Radford M. Neal, Dept. of Statistics and Dept. of Computer Science, University of Toronto

Inference for belief networks using Gibbs sampling
produces a distribution for unobserved variables that differs from the
correct distribution by a (usually) unknown error, since convergence
to the right distribution occurs only asymptotically. The method of
``coupling from the past'' samples from exactly the correct
distribution by (conceptually) running dependent Gibbs sampling
simulations from every possible starting state from a time far enough
in the past that all runs reach the same state at time *t*=0.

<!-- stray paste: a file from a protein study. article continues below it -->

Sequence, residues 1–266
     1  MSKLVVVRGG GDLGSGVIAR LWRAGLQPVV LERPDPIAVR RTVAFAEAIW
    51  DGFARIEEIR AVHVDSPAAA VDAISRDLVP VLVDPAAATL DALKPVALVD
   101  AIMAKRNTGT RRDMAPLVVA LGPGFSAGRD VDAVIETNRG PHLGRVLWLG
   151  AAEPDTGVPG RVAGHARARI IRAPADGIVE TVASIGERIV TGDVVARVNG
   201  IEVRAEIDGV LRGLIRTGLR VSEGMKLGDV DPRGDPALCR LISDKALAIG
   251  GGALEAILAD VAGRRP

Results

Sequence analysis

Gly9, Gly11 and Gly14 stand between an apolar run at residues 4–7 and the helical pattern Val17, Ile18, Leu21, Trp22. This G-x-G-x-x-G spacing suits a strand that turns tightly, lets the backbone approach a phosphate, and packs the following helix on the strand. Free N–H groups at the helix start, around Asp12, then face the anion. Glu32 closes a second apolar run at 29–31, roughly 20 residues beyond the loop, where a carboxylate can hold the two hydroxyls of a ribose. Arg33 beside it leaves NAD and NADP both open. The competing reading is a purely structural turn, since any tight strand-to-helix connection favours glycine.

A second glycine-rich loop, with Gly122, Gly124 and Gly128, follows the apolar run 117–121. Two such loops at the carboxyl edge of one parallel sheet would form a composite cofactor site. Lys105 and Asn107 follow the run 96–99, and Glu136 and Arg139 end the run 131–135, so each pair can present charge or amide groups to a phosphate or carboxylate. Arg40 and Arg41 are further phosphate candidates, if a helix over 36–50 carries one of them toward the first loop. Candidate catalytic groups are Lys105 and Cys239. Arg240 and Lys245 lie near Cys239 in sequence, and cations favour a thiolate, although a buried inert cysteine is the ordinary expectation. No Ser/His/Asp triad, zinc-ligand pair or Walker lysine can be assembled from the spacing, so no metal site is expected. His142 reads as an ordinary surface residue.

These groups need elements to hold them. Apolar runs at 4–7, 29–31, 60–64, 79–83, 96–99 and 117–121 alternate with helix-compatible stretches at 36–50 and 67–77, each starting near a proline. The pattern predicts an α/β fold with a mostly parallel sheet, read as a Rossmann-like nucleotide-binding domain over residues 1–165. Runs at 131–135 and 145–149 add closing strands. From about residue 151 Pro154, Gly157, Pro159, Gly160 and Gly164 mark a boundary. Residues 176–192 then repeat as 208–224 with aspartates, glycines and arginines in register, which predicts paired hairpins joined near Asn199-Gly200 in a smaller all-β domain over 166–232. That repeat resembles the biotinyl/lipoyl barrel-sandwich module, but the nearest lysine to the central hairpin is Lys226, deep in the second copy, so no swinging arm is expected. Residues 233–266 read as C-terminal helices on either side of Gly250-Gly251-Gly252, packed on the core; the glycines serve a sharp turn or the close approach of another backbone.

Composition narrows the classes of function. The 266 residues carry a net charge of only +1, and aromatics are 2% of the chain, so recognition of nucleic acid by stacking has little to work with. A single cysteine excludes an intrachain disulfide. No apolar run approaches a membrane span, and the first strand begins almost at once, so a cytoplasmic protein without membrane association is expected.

Explicitly considering every possible state is intractable for large
networks, however. We propose a method for layered noisy-or networks
that uses a compact, but often imprecise, summary of a set of states.
This method samples from exactly the correct distribution, and
requires only about twice the time per step as ordinary Gibbs
sampling, but it may require more simulation steps than would be
needed if chains were tracked exactly.

In C. Boutilier and M. Goldszmidt (editors),
*Uncertainty in Artificial Intelligence: Proceedings
of the Sixteenth Conference (2000)*, pp. 256-263:
postscript,
pdf.